Ever wondered what rights and responsibilities you have as a parent?

  • The Children’s Act 38 of 2005 provides that a parent has the following rights and responsibilities towards his/her child:
    • to care for a child;
    • to keep contact with a child;
    • to act as guardian of a child; and
    • to contribute to the maintenance of a child.
  • Both parents of a child have equal rights and responsibilities, but when they are not living together, specific rights and responsibilities may be given to one parent, either by court order or agreement between the parents.

Case study:
Tarzan and Jane were married to each other and stayed in the jungle with their son, George. Tarzan went ape and developed a drinking problem which led to them getting a divorce. Jane moved back to the city and George is staying with her.

  • Care:
    • Care, also known as custody, involves the provision of a suitable place to live that encourages the child’s health and development.
    • The parent with whom a child is permanently residing is called the primary caregiver and has the right to care for that child and supervise his/her daily life.
    • Jane will be called the primary caregiver as George is permanently residing with her.
  • Contact:
    • The parent with whom the child is not residing has the right to keep contact with the child. In other words, maintain a personal relationship with the child.
    • This relationship can be maintained by allowing the parent to see, spend time with (visit or be visited) or communicate (through post, by telephone or any form of electronic communication).
    • The primary caregiver has a responsibility to allow this parent to keep contact with the child and to inform him/her of any change in the child’s residential address. Failure to comply with this will be a criminal offence.
    • Tarzan has the right to keep contact with George, in other words, maintain a personal relationship with him. Jane may not prevent Tarzan from contacting George.

Case Study:
Tarzan does not have an education and Jane could not adapt to the lifestyle of the busy city and was declared mentally ill. As a result, Tarzan and Jane are not capable of making important decisions relating to George. Jane’s father, Professor Porter, was appointed as George’s legal guardian.

  • Guardianship:
    • A person who is a guardian of a child has the responsibility to make major decisions relating to that child, such as to assist the child with contractual matters and to give or refuse consent regarding the child’s:
      • marriage;
      • adoption;
      • departure or removal from the Republic of South Africa; and
      • application for a passport.
    • If more than one person has guardianship over a child, all of the guardians’ consent and/or assistance are required.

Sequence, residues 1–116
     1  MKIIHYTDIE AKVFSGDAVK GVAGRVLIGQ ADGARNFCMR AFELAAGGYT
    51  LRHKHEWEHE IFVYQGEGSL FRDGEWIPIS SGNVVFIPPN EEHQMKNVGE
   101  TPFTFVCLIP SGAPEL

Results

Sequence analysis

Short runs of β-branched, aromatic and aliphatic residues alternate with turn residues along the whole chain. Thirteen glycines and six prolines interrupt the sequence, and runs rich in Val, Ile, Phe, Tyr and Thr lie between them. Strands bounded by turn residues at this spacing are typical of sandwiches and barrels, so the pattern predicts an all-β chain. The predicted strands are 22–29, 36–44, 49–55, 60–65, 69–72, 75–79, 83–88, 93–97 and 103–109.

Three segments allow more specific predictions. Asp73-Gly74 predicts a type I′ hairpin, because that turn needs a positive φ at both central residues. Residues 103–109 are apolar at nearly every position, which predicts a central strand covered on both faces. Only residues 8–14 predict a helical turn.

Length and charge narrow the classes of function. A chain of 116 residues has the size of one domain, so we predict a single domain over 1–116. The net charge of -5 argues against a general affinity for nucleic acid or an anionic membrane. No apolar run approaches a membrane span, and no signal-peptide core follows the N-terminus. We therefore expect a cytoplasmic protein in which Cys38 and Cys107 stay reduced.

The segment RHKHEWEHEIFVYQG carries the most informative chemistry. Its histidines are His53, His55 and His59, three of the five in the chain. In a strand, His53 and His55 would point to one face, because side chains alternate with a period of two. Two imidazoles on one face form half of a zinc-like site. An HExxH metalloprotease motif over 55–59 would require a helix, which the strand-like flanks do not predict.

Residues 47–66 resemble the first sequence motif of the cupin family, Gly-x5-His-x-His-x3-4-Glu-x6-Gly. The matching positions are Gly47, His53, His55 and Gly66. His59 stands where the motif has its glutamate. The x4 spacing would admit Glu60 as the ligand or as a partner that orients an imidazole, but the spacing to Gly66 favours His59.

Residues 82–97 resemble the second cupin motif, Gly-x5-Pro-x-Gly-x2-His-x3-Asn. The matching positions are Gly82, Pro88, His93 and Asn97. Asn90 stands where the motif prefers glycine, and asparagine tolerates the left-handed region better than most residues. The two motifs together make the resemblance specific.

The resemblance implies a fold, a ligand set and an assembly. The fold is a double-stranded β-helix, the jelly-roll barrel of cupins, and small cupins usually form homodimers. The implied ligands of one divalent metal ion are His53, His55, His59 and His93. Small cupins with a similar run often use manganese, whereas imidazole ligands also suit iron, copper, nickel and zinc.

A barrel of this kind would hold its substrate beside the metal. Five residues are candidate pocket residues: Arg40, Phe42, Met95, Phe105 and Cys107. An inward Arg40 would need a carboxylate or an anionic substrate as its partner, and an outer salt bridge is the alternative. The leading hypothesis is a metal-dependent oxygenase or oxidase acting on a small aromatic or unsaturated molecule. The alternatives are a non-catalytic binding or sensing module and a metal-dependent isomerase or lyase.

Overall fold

• Before George can go on a school trip to India, Professor Porter will have to give consent for his departure from the Republic of South Africa.
  • Maintenance:
    • Both parents have the responsibility to contribute to the maintenance of the child.
    • A child’s reasonable needs to have a proper upbringing must be considered and includes the provision of food, clothing, accommodation, medical care and education.
    • The responsibility to maintain a child does not end when a child reaches a certain age. The responsibility will continue until s/he becomes self-supporting (being able to take care of him/herself).
    • Tarzan and Jane have the responsibility to contribute to the maintenance of George.

A parent or any other person who has an interest in the wellbeing of a child can apply to the Children’s Court, High Court or the Divorce Court during divorce proceedings for an order granting him/her with rights and responsibilities.

 




How can LegalWise assist you?

Should you require an explanation of your rights on this topic, please contact your nearest Branch.

DISCLAIMER:

The information contained on this website is aimed at providing members of the public with self-help guidance on the law. The information applies to South Africa, unless it is specifically stated that the information applies to another country. Although LegalWise has tried to ensure that the information is accurate and current, it is important to remember that the law constantly changes. And, although LegalWise has tried to provide information of a high quality, we cannot guarantee that the information will be updated and/or be without errors or omissions. As a result, LegalWise, its employees, agents or representatives will under no circumstances accept liability or be held liable for the consequences resulting from, the use of or the inability to use the information, or, any negligence by us relating to the information so used. The information contained on this website has not been provided to meet the individual requirements of a specific person and we insist that legal advice be obtained relating to a person’s unique circumstances.